I think I may have made a small child cry today, and have probably traumatised her for life! I was with one of my fourth or fifth grade glasses (7 or 8 years old, but she looked smaller). The rest of the class are really noisy and are constantly competing with each other for the teacher’s attention by shouting “mas, mas, mas” (which means teacher, or Maserabello). I was reading to the children from the set book, just a simple cartoon style strip, which words in bubbles for the children to translate, repeat and join in. Sadly, I have at least one student in every class who doesn’t have enough money to buy the set book, and this means that the child cannot join in the lesson as the teachers only teach from the book and don’t do anything extra. Basically the children without books are completely ignored and quickly fall behind in their English and end up disrupting the class or becoming complete loners.
One of my aims here is to try and get all of the students involved in my classes and I am helping some of the weaker students with some private tuition on a 1:1 basis twice a week to help them to catch up in class. If the children fail to learn the English alphabet or script then they have no chance with English later on as everything is read from the book, and they cannot do homework, so have no idea what is going on.
I don’t have a book of my own, and neither does my teacher, so we always end up borrowing from students, which means that the student who lends the book also gets behind, unless another student will allow them to share theirs. Usually, I will share my book with another student who doesn’t own their own book, and so far have been able to get them interacting, as they are often bright and keen to learn, but end up disrupting the other students because they are bored. Today, I noticed a small girl in the middle of the room who had no book, and so I went over and offered to share my book with her and was pointing out the words as I read them. This probably would have been ok, as she started to make eye contact with the book, even though she was clearly very shy.
Unfortunately, my class were so surprised at my actions of including this girl that they all turned around in their seats and started teasing her and telling her to read. It was such an awkward moment and I felt incredibly bad to bring such embarrassment on her. When the co-teacher saw that I was reading with her, she quickly pulled me back and said “we don’t teach her English”. This made me really sad, for several reasons, but mostly because the child had been written off and would never have the same opportunities as the other children, either now or in employment later on. If she had been the child of one of the teachers then she would have been included in everything even if she was poor at English, but I felt awful for subjecting her to such ridicule from her classmate, and she looked so uncomfortable for the rest of the lesson. Had I realised this before I took action, then I probably would have just invited her to private lessons with me to help her to learn her English letters, but instead I caused her more trauma. I just hope that she will continue to come to lessons as that has to be better than not being exposed to any English.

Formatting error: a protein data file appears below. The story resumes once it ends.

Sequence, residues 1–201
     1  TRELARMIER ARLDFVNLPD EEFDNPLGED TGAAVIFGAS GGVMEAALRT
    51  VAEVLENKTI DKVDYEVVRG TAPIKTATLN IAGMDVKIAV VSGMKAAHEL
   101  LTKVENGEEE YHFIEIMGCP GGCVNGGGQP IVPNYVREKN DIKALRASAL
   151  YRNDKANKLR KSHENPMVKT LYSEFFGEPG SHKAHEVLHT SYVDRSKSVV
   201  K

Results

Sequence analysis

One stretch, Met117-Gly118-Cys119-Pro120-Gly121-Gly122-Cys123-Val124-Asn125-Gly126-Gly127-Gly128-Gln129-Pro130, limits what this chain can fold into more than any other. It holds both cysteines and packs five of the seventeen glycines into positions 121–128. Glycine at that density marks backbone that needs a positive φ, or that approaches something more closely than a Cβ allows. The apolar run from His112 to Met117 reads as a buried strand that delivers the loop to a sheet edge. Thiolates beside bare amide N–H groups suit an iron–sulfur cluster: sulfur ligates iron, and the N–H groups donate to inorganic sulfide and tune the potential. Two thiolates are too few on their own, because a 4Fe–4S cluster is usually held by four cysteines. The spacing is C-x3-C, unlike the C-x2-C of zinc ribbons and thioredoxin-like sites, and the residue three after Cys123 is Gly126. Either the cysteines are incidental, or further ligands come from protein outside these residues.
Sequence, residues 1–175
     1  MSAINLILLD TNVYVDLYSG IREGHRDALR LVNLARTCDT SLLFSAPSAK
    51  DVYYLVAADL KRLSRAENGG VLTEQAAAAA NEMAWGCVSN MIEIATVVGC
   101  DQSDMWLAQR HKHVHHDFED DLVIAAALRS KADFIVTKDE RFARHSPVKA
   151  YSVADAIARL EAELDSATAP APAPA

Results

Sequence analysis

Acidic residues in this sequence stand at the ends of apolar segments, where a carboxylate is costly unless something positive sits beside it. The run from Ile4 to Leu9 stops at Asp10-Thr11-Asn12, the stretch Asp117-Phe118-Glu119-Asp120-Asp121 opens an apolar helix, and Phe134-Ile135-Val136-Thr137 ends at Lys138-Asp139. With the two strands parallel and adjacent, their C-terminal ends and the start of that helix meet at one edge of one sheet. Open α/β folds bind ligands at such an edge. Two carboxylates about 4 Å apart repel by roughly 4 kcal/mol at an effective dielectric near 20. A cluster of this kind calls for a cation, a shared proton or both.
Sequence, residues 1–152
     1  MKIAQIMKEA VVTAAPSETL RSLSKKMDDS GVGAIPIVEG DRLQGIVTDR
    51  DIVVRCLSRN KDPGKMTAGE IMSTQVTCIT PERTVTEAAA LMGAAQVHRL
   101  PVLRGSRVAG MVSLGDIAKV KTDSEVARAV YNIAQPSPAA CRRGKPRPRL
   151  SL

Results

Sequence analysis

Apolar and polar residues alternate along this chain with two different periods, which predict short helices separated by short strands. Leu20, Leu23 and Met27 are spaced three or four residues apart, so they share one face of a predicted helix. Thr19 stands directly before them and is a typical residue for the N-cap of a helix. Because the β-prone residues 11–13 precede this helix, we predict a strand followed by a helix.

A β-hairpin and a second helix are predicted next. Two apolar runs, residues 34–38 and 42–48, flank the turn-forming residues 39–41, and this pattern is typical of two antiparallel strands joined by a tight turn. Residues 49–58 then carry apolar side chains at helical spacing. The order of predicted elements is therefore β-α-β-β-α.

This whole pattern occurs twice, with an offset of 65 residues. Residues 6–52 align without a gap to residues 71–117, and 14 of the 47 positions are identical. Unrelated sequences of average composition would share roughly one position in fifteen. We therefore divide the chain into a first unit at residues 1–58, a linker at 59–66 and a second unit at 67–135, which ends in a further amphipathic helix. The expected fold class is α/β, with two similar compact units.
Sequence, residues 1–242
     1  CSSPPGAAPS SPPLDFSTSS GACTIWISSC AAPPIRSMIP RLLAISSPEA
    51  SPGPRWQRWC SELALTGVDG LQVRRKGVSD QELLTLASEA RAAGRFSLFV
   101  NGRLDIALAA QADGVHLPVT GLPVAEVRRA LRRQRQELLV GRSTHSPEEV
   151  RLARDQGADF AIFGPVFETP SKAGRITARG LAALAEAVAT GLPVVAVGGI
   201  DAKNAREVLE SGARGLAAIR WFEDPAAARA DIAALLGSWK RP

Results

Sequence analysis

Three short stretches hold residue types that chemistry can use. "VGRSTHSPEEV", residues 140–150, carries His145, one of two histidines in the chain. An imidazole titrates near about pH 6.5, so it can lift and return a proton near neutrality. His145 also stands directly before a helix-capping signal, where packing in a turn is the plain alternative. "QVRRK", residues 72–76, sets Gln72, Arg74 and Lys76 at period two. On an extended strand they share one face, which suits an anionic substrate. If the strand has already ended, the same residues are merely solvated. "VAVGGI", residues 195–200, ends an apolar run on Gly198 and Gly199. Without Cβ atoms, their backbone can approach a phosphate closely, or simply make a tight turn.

On the plus side, school was great today as I held auditions for the play I want to perform next year. It was mainly older girls and younger children who turned up, but many more students than I had anticipated, and the standard of English of the younger students is much better than that of some my older students in my classes. The Principle thinks that I should focus more on the older students in class as their English is better, but I believe that I should get in with the younger students as it is much easier to catch simple mistakes and they are much more able and interested in learning. I think the play will be pretty interesting though as I have more younger children than older ones, so will be getting them to play adults. Luckily its a gothic pantomime, so maybe I can get away with it, but it will be pretty hard work to organise!